Vol 19 No 4
How G-G weakened monarchists' case
Governors-General are appointed under a system that
freezes out the Parliament, the Opposition and the people. The controversy over Quentin Bryce's trip to Africa has again revealed the office's vulnerability to partisan politics.
Adelaide's 'pivotal' bishop
The decades spanning the 1920s–1970s were times of intense change for Australia and the Church. Post war immigration, the Labor split, the Vietnam War and Vatican II all occurred during 'Matty' Beovich's time as Archbishop of Adelaide.
Non-believer drawn by the sacred
Irish poet Seamus Heaney's spiritual journey could be seen as a casualty of the so-called secularising effect of the '60s and '70s. Heaney describes a shift from faith as external and ritualistic, to something more personal.
The trouble with free speech
A French satirical paper was sued for portraying Muslims as terrorists and labelling them 'jerks'. The editors would have us believe it's a case of free speech versus censorship. But there's more to it than that.
ICC's dubious Darfur justice
Omar al-Bashir stands accused of two counts of war crimes and five of crimes against humanity. But prosecuting him will not deliver justice to the people of Darfur. What seems like the beginning of the end of the tragedy may be the end of the beginning.
BY THE WAY
How to survive committee meetings
Some rules of thumb: always say 'prior to' instead of
'before', 'in excess of' instead of 'more than' and 'in the approximate
vicinity of' instead of 'about'. It's good to say things like, 'We'll have to real-time this to impact on the offshore numbers'.
What price our sporting soul
Members Equity Stadium, ACER Arena, Suncorp Stadium, Etihad Stadium; corporations think they own a lot of our stuff. These buildings, and the events they house, constitute our cultural and urban landscapes. They should be sources of community pride.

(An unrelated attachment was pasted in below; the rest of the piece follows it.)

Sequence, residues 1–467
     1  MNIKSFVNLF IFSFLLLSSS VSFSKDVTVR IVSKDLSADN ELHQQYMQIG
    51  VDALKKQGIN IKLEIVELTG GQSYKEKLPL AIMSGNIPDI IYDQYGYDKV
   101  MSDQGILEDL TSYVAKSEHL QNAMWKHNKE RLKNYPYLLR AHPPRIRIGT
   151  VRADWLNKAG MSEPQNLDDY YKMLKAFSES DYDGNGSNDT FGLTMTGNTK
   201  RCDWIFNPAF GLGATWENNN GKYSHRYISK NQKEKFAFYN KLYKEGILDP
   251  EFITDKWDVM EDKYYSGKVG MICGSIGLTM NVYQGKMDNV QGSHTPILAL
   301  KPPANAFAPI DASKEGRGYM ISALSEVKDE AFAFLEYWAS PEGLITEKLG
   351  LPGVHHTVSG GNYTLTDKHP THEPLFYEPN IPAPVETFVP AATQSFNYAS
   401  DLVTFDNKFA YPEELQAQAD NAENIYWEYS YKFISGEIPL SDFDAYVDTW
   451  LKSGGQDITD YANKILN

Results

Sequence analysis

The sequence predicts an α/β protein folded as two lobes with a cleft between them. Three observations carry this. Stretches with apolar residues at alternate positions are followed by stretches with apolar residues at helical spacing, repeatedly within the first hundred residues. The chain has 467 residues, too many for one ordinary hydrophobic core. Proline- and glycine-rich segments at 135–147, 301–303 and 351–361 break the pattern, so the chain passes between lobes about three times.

God of the empty image
To attain God everything must go:
will, self, knowledge, word, God Himself ... Their faith is words.
Gain from pain
The Victorian bushfires occurred during a time of financial uncertainty, but Australians gave their money generously. It was as if they were consciously and calculatingly investing their funds in the solidarity of the community.
East Timor's digger friend
When East Timor was struggling to get a fair deal in negotiations over Timor Sea oil, Kenneally rallied his mates to fight. Appearing on national television, he told Prime Minister Howard: 'I'd rather you did not come to my ANZAC Day parade.'
Religion lives on in the ABC's shallow pool
This week Compass celebrates its 21st birthday. In the fickle, faddish world of television that's quite an achievement. It's ironic that serious coverage of religion is being celebrated on ABC TV, while being purged from radio.
Why humans rule the world
Science journalist Hannah Holmes turns a cool, scientific eye back on us, reminding us of our mammalian origins and bringing us down to size. 'Knobby', pink-skinned and ludicrously top heavy, our peculiarity is also the
key to our success.
Loving George W. Bush
Those who expect a portrait of a monster will be disappointed. Stone's Bush is not
exactly sympathetic. But he is human. He is even
How to 'green' your church
Catholic and Anglican Churches are relatively recent converts to religious environmentalism. The rhetoric of the Catholic Church on Creation-care remains
largely an optional extra for its organisations; economic and
institutional gains take precedence.
The logic of the Bali death machine
In Kafka's 'The Penal Colony', a brutal, archaic killing device is valued more highly than the law it enforces. As members of the Bali 9 continue to languish, we ask whether 'because the law says so' is sufficient reason for them to die.
The human face of a 'metaphorical' poet
In 1972 Auden abandoned New York to live at Christ Church College, Oxford. He was given a cottage in the grounds, and was expected to give occasional talks and be available to
students. It turned out not to be the success everyone had hoped for.
Miscellaneous notes on Rwanda
Poor Armadu .. His sixth son is crying .. his wife is pregnant with his seventh ..
Armadu's belly must be full of a poor man's joy.
How to teach 'vampire' students
The student teacher is doing his best, trying to teach abstract ideas in a difficult play about a postmodern world. A girl in the front row is discussing her new 'vampire' boyfriend. 'He's in 12B,' she says. 'I can't take my eyes off him.'
Burger buggers' price hike spin
McDonald's is increasing prices for those in lower socio-economic areas, and claiming the moral high ground at the same time. But it's rising star food chain Aldi that is showing the way with its uniform pricing policy.
Art and the Piss Christ umbrella
Paintings that once would have once sparked controversy now adorn biscuit tins, umbrellas, notebooks and a range of
other merchandise. We have killed the controversy and challenges faced in the past by branding it to death.